I’m Sebastian, most people here probably know me under the handle awvwgk, I usually go with. I’ve been active in the Fortran-lang community for almost a year now, mainly at stdlib, the web page and of course our package manager, fpm. Ondřej, Milan and Laurence invited me to take up more responsibility in our community and I happily agreed to help out. Given that I have been hanging around here for a while now, this is a good point to properly introduce myself to all of you.
First, I’ve been using Fortran since 2017 when I started working on a programming project for my Bachelor thesis. Parallel to the Master studies I stayed involved with the research and programming work done in the group of S. Grimme, where I’m now in the third year of my PhD. While I have been programming a bit in Ruby and Python before, I consider Fortran my first proper programming language.
I’m an avid open source developer, I deeply value open minded communities and transparent organization structures. My experience with open source development started when I put up one of my research software on GitHub early 2019, dftd4 turned out to be quite a success and is today integrated in several computational chemistry software packages. Currently, I’m an active developer of several computational chemistry related open source projects, like dftb+, xtb or dftd4.
One thing I learned pretty quickly was that building and distributing is as important as writing good software. My build system of choice is meson because it provides enough flexibility to create a painless experience for users, developers and packagers, but I also accumulated enough knowledge about CMake due to necessity. I’m a package maintainer for more than a dozen feedstocks at conda-forge with most packages written in Fortran or related to Fortran.
My journey with Fortran-lang began in July 2020, as Ondřej opened an issue at a holiday project of mine, TOML Fortran. The Fortran package manager really caught my attention, since I just finished teaching my second Fortran course at this time. A recurring issue students were running into was building their projects with make, instead of teaching them a more involved build system, helping to develop a beginner-friendly one seemed more feasible to me and I decided to commit some time to help out with fpm. From there on I got involved with the package index of our web page and the CMake build system at stdlib and later pretty much everything in Fortran-lang, except for the Fortran standard itself.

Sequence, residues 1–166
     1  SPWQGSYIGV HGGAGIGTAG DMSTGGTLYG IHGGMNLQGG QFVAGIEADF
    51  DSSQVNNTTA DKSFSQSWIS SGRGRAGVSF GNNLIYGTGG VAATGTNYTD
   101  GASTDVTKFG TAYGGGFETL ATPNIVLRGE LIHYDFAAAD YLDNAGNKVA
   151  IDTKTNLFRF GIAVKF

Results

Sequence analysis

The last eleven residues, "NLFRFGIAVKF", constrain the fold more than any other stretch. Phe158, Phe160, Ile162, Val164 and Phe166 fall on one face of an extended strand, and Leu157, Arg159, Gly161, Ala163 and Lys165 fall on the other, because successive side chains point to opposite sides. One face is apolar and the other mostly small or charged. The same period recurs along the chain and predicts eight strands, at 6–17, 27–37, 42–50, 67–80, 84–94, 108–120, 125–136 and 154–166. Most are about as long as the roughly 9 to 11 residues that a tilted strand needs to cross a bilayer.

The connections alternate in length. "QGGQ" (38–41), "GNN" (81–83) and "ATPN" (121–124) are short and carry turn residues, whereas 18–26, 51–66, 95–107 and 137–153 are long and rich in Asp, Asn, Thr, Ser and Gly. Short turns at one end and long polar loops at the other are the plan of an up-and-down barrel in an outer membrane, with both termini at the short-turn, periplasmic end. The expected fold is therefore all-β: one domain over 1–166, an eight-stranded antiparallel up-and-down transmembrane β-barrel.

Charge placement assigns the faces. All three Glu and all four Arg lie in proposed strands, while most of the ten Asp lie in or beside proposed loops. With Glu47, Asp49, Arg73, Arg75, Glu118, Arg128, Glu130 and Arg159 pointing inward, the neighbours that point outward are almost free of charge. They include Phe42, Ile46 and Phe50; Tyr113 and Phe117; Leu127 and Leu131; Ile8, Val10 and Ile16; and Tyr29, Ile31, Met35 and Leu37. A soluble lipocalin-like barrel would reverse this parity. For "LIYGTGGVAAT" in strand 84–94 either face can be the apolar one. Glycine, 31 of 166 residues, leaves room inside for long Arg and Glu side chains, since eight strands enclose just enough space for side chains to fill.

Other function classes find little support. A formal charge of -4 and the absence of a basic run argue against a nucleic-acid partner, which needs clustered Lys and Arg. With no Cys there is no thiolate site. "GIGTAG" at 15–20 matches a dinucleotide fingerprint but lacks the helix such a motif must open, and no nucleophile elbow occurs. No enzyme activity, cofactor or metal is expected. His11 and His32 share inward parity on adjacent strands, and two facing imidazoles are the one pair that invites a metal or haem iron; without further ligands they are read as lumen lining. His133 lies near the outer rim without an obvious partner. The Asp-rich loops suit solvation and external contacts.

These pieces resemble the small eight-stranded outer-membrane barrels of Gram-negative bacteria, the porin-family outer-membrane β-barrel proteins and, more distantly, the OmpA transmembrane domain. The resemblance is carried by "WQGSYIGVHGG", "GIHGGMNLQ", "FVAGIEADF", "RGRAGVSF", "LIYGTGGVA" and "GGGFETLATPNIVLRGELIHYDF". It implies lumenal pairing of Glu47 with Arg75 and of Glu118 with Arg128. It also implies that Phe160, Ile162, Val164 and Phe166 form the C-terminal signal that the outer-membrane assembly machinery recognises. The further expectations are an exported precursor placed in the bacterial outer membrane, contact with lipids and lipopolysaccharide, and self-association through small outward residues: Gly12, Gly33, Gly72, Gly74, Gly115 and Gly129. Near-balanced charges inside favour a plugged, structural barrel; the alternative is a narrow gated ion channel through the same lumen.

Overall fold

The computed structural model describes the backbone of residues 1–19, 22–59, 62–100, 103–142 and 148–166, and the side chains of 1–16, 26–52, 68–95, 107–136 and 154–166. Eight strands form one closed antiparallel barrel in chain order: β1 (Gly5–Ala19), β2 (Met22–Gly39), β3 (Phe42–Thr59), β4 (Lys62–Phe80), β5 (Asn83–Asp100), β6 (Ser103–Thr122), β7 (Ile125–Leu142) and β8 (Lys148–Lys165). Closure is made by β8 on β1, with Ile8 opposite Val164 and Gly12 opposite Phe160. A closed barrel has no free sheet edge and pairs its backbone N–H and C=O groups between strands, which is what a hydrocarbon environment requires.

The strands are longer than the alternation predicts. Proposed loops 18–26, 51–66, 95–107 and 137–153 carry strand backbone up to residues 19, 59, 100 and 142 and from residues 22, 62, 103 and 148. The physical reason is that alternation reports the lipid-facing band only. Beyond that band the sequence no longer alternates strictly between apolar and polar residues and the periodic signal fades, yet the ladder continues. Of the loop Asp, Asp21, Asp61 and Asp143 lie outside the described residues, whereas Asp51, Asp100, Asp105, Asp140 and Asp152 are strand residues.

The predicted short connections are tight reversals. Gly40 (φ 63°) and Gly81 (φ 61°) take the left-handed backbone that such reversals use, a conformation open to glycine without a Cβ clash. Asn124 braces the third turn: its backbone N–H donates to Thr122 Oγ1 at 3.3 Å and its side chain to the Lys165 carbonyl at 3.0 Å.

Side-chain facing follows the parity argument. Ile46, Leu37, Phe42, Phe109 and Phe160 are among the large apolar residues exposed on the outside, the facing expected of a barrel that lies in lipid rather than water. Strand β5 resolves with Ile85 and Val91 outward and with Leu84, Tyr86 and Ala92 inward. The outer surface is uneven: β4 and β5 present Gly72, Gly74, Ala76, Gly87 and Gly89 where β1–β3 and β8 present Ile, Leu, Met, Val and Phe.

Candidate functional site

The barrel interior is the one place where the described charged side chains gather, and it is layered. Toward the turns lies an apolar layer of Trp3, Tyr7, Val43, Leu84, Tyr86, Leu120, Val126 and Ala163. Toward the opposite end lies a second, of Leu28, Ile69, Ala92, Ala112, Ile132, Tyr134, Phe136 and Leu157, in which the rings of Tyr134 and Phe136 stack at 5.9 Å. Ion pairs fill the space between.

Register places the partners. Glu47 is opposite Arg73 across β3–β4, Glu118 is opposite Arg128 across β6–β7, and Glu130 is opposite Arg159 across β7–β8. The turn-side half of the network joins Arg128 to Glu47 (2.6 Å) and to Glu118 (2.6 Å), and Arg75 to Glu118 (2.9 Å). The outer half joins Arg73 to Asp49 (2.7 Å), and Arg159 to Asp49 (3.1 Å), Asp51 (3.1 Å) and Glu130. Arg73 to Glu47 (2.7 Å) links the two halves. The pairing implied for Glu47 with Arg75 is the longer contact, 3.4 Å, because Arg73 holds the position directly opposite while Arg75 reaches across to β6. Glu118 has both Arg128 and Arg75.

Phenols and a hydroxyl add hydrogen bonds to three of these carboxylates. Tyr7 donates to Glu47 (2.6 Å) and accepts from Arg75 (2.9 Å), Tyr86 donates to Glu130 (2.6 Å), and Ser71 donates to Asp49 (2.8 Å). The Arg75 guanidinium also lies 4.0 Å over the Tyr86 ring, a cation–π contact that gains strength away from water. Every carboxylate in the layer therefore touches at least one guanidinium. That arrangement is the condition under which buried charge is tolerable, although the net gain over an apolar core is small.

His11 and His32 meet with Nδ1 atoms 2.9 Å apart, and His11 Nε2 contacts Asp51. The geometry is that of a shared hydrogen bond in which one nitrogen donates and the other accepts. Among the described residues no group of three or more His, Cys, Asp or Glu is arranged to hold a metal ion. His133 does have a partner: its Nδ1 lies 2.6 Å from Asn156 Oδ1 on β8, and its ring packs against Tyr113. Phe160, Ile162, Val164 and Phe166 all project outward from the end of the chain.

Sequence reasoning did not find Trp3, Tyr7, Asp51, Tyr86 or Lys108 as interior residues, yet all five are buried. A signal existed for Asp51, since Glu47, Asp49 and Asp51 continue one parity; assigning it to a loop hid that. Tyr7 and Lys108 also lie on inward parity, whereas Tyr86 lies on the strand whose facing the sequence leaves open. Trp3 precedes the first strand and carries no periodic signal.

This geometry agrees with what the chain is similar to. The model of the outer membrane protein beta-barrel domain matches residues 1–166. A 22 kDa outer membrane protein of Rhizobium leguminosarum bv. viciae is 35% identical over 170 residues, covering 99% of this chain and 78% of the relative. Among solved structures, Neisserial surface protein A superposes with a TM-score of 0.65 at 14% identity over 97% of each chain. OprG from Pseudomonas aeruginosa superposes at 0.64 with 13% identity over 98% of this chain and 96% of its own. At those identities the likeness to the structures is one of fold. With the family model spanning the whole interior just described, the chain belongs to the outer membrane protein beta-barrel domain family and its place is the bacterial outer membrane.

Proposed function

What does change?
Nothing much really, I’ll continue to involve myself with most Fortran-lang matters. I’m getting access at administrator level to the GitHub organization, this means I can invite new members, create or migrate repositories or edit teams. Please feel free to address such requests with me and I’ll help to make them happen. Also, I’m now a moderator in this discourse, I’ll try my best to keep this a friendly place for everyone. It’s my first moderation involvement, therefore please don’t hesitate to correct me if you think I made a mistake.
What comes next?
Our Fortran-lang community has been growing steadily and our projects like stdlib and fpm are attracting more and more contributors. The next step I want to take together with our community is to establish project maintainer teams and formalize our rules for getting involved in Fortran-lang. For one this should help to keep our project running and enable the maintainers to define long-term goals for their projects. Another important aspect is to help new contributors with the on-boarding process into our community by setting clear expectations and providing mentors that can guide them in their first contact with our community.
Let me know if you have any questions. I’m happy to answer.
Finally, some controversial points for discussion, if the above doesn’t give enough material:
- 3 space indentation
- neovim is all I need to write software
- it’s impolite to ask (L)GPL projects to relicense
- code is bad slang for program